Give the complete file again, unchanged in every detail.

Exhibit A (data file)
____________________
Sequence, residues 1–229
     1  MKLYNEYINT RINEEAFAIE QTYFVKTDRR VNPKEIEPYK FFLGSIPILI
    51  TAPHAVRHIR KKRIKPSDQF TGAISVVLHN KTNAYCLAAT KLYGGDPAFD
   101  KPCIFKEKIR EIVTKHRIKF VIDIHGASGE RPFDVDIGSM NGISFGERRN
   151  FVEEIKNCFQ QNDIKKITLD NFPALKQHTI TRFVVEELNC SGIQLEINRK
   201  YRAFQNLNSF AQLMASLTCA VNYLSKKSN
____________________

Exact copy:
Sequence, residues 1–229
     1  MKLYNEYINT RINEEAFAIE QTYFVKTDRR VNPKEIEPYK FFLGSIPILI
    51  TAPHAVRHIR KKRIKPSDQF TGAISVVLHN KTNAYCLAAT KLYGGDPAFD
   101  KPCIFKEKIR EIVTKHRIKF VIDIHGASGE RPFDVDIGSM NGISFGERRN
   151  FVEEIKNCFQ QNDIKKITLD NFPALKQHTI TRFVVEELNC SGIQLEINRK
   201  YRAFQNLNSF AQLMASLTCA VNYLSKKSN